Europe successfully got through the winter of 2022 without relying on the natural gas supplied by Nord Stream. The main reason for this achievement was its ability to successfully reduce its natural gas consumption by 13%, or by 55 billion cubic metres. Over the year, Russia's share of the European gas market share dropped from 40% to 10%, although the price of imports increased significantly compared to figures from 2021. In total, imports cost nearly 400 billion euros, which is a threefold increase on the previous year. Looking ahead to next winter, Europe needs to develop a strategy so as to avoid falling back on its reliance on the Nord Stream pipeline. Experts from the International Energy Agency (IEA) have assessed the factors that contributed to Europe’s reduction in energy consumption in 2022.
Despite 2022 being a record year for the production of energy from renewable sources (particularly solar and wind power) the energy industry, and more specifically, electricity production, is the only sector of the European economy that has seen an increase in gas consumption. Renewable energy sources helped Europeans to save 11 billion cubic metres of gas. To add to this, overall consumption fell by 3% year-on-year, or by 14 billion cubic metres, thanks to an unusually warm winter. Had it not been for the high temperatures in the summer in certain regions, which increased the electricity consumed for air conditioning, these savings would have been even greater. Moreover, 2022 saw a rise in coal consumption, while, by contrast, the energy produced by hydro and nuclear power plants decreased significantly. This decline was so substantial that it required an additional 34 billion cubic metres of gas to compensate for this loss in energy production. It is, however, worth noting that European countries already had plans in place to gradually shut down their nuclear power plants before the start of the energy crisis.
In 2022, the European public sector (which includes residential, public, and commercial buildings) consumed 20% less gas than it did in 2021, the equivalent of 28 billion cubic metres. This can partly be attributed to warm weather, which led to the conservation of 18 billion cubic metres. However, measures to reduce consumption were also implemented, leading to a further 7 billion cubic metres in savings. The International Energy Agency (IEA) cautions, however, that the aforementioned savings were often the result of the forced measure of so-called ‘fuel poverty’. An additional 3 billion cubic metres of gas were saved through the replacement of old heating equipment.
In 2022, gas consumption in the European industrial sector decreased by 20%, or 25 billion cubic metres. Approximately half of this reduction occurred as enterprises cut their output as a result of high prices, which made production unprofitable. Fertiliser manufacturers were hit particularly hard, accounting for half of the overall decrease in consumption. Despite this, the total volume of production declined by just 8%. Enterprises achieved this reduction in consumption by importing materials and components that would have previously required significant amounts of gas to be produced. Another 7 billion cubic metres were saved through the use of alternative energy sources.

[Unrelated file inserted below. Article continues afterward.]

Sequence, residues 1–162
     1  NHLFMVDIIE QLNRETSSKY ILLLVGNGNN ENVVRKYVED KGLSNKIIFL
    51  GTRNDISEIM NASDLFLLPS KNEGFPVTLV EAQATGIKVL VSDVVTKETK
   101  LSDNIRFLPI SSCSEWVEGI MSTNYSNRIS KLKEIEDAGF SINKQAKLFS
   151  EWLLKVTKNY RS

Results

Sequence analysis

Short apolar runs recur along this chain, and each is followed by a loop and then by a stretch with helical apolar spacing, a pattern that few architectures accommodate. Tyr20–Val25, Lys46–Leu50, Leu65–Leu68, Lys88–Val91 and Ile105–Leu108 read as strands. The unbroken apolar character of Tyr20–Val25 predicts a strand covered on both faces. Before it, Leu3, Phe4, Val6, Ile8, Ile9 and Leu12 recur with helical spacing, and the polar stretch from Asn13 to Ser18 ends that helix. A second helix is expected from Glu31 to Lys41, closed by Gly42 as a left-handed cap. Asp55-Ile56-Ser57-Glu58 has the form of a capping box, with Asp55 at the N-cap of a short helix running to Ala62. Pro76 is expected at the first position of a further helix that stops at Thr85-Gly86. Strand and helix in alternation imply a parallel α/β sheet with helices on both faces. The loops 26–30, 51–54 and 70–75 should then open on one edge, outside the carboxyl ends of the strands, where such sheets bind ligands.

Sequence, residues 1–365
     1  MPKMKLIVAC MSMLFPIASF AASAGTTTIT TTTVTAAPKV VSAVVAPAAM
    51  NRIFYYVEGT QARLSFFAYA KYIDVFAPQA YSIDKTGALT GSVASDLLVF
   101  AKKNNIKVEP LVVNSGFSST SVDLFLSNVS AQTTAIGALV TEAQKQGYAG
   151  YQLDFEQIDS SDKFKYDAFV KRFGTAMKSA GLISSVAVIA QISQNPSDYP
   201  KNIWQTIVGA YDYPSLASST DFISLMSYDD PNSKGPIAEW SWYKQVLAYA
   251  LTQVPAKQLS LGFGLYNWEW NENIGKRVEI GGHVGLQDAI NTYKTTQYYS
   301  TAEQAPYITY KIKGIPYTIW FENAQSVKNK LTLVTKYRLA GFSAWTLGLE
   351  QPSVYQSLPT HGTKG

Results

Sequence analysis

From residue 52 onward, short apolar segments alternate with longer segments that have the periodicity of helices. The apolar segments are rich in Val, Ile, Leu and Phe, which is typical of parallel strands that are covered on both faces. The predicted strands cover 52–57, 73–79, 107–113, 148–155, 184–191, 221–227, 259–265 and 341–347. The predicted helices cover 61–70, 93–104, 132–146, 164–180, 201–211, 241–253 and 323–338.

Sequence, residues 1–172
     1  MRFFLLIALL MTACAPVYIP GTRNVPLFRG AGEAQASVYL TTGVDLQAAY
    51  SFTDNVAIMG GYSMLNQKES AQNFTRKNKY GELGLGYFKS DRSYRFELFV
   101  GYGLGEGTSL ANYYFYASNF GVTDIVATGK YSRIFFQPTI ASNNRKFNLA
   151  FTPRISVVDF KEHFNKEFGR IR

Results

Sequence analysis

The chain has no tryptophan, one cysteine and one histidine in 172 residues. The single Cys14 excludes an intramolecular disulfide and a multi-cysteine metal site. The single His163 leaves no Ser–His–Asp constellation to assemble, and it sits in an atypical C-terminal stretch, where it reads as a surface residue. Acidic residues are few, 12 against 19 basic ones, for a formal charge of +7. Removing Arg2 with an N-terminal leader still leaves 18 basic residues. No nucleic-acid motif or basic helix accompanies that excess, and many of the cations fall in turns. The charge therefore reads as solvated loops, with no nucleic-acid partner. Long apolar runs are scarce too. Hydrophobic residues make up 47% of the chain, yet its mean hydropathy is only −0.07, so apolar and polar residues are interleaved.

In general, the economic cost of surviving the winter without Russian gas was significant, but not catastrophic, and we are yet to observe any major political consequences. However, according to the IEA's analysis, last year’s reduction in gas consumption occurred largely as a result of two unpredictable factors: warmer weather and the use of alternative fuels. If the summer of 2023 turns out to be exceptionally hot and requires additional electricity for air conditioning, it will be much more difficult for the continent to do without Russian gas in the event of a cold winter. Energy shortages may drive up the price of alternative energy sources, and coal may become extremely expensive. Moreover, if China's economic activity rebounds, it may exacerbate the situation as China will likely want to acquire more liquefied natural gas than it did last winter (when their economy was still under quarantine).In sum, while Europe may have won the first bout of the gas cold war, this victory may largely be attributed to luck. According to the IEA experts, the continent will likely need to make some tough decisions in the future. They believe that more work needs to be done to improve energy efficiency and increase the use of alternative energy sources. These two measures will then become the ‘cornerstones of European energy policy’. Until these strategies are implemented, Europe will have to continue to conserve its energy use. In fact, the think tank Bruegel warns that even greater energy savings may be necessary this year.